Wolves in the Throne Room: Madrigal of the Wolf
With raw production, blazing guitars, shrieking vocals and blasting drums, black metal has always purported an extreme display of individualism, making every effort to reject all things politically correct and socially acceptable. Like everything however, human beings have turned those sparks of individualistic expression into hackneyed, formulaic practices, which have become little more than parodies of themselves. It takes an overwhelming dose of praxis for this cycle to be broken. The somewhat reclusive members of Wolves in the Throne Room who hail from Olympia, Washington and are some of the few individuals who strive to break these patterns. Not only do they defy most typical black metal forms of tradition, but also black metal culture as a whole. “We have no intention of contributing anything to traditional black metal. The orthodox thinking involved in the construction of traditional black metal is repugnant and stifling” Rick (no last name given) states.
With their new album Two Hunters, released in late September, and their first national tour underway, waves are being made as their ideologies are expressed unto many for the first time. “Our live performances are concerned with transcending the ubiquitous confines of the here and now, leaving both band and crowd shaken free, in however small degree, from the smothering edifice of our modern culture.” Although many audience members may only be attending the show for loud music, there are also those who will be there to truly listen, “we endeavor to rouse those in attendance from the psychic torpor society demands of its constituents.”
While metal can be seen as a blatant assertion of masculinity, some bands attempt to balance this out with the inclusion of female vocal elements. Rick explains, “our lives are full of powerful women and naturally these experiences find their way into our music. We seek to honor the glorious nature of womanhood in our music as we do all the primal forces around us.” Wolves’s first album includes the talents of Jamie Meyers (Hammers of Misfortune), and the recent release of Two Hunters showcases the talents of Jessica Kinney (Eyvind Kang, Asva) who offers her femininity to two of the four tracks on the album. “Jessica is focused professional with a powerful talent.” Rick continues, “She quickly internalized our lyrics and ideas about her contribution and effortlessly surpassed our expectations with a performance more meaningful than we’d hoped for.” The band yields a strong reverence for femininity not only in their beliefs, but also when creating their music. “We have worked to make all representations of women in our music and art true to the feminine spirit as we have experienced it and find the prurient manner in which women are portrayed in the culture at large and metal specifically utterly sickening,” Rick affirms.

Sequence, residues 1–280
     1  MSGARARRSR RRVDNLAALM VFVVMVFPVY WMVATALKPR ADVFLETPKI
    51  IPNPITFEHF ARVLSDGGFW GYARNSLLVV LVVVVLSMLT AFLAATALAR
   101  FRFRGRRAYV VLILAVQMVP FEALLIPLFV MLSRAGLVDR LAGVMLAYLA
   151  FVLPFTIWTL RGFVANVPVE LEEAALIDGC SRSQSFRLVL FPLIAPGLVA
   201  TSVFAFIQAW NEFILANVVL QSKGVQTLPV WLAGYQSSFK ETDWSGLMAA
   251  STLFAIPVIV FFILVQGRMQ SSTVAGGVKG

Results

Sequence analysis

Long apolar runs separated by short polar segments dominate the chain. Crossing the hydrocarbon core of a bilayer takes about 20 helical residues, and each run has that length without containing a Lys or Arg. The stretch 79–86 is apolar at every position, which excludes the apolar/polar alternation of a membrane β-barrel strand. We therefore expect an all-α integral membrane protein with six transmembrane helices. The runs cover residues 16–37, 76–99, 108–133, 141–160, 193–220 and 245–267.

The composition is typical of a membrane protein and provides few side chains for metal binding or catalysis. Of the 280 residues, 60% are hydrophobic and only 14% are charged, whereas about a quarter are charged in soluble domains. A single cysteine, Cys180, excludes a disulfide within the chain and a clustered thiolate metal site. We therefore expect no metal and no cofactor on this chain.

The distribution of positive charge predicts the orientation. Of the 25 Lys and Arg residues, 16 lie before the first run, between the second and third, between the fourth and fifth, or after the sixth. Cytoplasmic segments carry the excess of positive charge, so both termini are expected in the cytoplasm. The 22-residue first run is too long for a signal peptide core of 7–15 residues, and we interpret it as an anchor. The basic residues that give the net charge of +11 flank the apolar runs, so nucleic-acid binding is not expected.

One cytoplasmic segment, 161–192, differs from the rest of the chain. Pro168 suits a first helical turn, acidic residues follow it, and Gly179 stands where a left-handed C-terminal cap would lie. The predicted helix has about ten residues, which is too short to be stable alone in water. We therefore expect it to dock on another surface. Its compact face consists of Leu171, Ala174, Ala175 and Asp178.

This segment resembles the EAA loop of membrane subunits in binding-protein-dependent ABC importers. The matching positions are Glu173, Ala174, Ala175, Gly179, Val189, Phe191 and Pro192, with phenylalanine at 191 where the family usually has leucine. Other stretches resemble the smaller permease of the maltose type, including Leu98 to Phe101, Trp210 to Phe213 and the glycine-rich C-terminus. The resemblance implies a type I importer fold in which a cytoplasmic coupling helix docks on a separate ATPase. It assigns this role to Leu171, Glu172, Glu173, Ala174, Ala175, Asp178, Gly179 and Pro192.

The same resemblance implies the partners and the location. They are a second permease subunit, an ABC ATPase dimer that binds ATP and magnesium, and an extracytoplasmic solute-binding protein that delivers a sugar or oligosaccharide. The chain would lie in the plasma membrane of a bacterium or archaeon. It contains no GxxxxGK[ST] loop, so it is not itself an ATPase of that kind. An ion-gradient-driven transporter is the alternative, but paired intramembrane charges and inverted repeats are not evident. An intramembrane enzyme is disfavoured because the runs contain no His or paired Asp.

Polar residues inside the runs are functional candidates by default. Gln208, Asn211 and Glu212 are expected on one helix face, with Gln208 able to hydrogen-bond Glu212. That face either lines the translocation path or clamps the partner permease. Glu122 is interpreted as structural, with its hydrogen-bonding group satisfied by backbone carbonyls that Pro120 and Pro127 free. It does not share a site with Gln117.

To many fans, black metal is simply a style of music, or a means to individualize them among the herd. However it has developed clichéd traditions and tired theatrics that have very little value beneath the surfaces of corpse paint and wrist spikes. I asked Rick about a previous statement I had read in regards to Two Hunters being “a tribute to the genre,” in light of their bold defiance to what black metal has become. “Our tribute is more to the radical and innovative spirit conjured when the bands at the genesis of black metal created something new and engaging with their music rather than to the sounds or appearances that spirit manifested as. Tribute by rote mimicry is a hollow gesture.” It could be said that these roots and this spirit which was evoked when the medium of black metal was created was not only inspirational, but completely essential. What once was vapid for many have been made new again with a “cleansing fire” and by seeking out these roots, the pallid representations of what black metal stems from can be interpreted in a new light. “Our influences for Two Hunters were much the same as for Diadem of 12 Stars, as well as the new material we’re currently writing. Life, death, horror, awe. There are never any unadulterated veins of influence in what we do as everything is a collaborative venture, the three of us continually working and reworking everything until any recognizable individuation in the work is obliterated.”
But is human expression, art or even black metal just another form of deep rooted narcissism? Rick explains, “The intrinsic and elemental human experiences reflected in black metal resonate with us and will always be fertile and valid inspirations for art in any medium.” Exhibiting these intense feelings of misanthropy may call for conjugation with an extreme medium. For many, this is why extreme metal continues to be such an abundant catharsis. Rick summarizes, “it will always be important for humans to reflect upon the world and puzzle at their place in it; whether it be rapture in the presence natures glories or the revulsion and disgust felt when faced with misery and death. To express these considerations is life itself.”
Wolves in the Throne Room play at The Broken Record on October 26th, 2007.